CVC Credit Partners is marketing what is only the second new European collateralized loan obligation of the year.
The €400 million CVC Cordatus Loan Fund VIII DAC will be backed primarily by a portfolio of euro-denominated senior secured loans and bonds issued by European borrowers, according to Standard & Poor’s. The exact proportion will be linked to the proportion of loans that are covenant-lite; the more cov-lite loans, the higher the proportion of collateral that must be senior secured.
A maximum of 12.5% of the loans in the collateral pool can be fixed-rate.
The transaction has a four-year reinvestment period, but can be called, or redeemed, by the subordinate noteholders after two years.
Goldman Sachs International is the arranger.
S&P expects to assign an AAA to two tranches of senior notes: €206 million of Class A-1 notes that pay a spread of 96 basis points over three-month Euribor and: €30 million of Class A-2 notes that pay a fixed-rate of 1.25%. Both tranches benefit from the subordination of the remaining 41% of the notes to be issues.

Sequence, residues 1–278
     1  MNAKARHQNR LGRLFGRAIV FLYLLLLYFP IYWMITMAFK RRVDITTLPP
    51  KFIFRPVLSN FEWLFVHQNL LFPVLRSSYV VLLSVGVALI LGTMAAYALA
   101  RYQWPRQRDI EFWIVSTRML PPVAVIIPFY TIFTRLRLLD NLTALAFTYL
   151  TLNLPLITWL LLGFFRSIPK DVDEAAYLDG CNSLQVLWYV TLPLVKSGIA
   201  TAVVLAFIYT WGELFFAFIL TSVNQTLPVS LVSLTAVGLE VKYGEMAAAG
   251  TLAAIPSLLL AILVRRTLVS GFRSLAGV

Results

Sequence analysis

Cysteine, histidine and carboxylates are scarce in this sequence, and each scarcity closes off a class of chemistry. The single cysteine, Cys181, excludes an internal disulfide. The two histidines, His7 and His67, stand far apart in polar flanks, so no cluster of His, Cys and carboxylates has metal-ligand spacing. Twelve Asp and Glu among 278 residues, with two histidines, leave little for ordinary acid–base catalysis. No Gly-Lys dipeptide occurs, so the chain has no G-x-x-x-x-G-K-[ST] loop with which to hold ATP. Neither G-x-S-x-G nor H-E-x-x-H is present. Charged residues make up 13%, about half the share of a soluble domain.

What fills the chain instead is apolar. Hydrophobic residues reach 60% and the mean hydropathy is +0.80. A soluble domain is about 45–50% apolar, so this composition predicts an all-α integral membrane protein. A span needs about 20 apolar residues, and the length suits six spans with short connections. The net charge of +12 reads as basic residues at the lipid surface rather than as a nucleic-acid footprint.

Compared to other CLOs that S&P has rated in the past three months, CVC Cordatus VIII has slightly lower total leverage and slightly higher subordination for AAA tranches.
It also has lower weighted average cost of debt, a marginally lower weighted average spread (WAS) and weighted average coupon (WAC), and a lower available excess spread.
Another notable feature, according to S&P, is that the CLO will enter into a liquidity facility agreement with The Bank of New York Mellon. It will be able to draw on the facility to pay any shortfalls that may occur under the priorities of payment, including distributions to equity.
The liquidity facility will be made available to the issuer four years from the closing date or the date upon which all rated notes are fully redeemed, whichever comes first.